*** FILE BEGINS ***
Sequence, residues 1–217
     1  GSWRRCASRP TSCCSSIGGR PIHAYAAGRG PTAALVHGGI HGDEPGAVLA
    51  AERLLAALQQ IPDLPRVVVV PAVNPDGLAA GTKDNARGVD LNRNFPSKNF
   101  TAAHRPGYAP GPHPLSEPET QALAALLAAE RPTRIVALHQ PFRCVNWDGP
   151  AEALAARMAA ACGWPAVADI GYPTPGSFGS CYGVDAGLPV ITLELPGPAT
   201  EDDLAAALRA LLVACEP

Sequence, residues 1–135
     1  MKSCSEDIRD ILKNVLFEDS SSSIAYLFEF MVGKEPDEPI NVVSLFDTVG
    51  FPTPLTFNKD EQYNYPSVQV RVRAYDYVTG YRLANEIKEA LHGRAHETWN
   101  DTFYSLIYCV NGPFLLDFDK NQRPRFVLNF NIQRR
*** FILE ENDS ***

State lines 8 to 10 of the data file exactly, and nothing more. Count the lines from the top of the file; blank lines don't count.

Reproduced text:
     1  MKSCSEDIRD ILKNVLFEDS SSSIAYLFEF MVGKEPDEPI NVVSLFDTVG
    51  FPTPLTFNKD EQYNYPSVQV RVRAYDYVTG YRLANEIKEA LHGRAHETWN
   101  DTFYSLIYCV NGPFLLDFDK NQRPRFVLNF NIQRR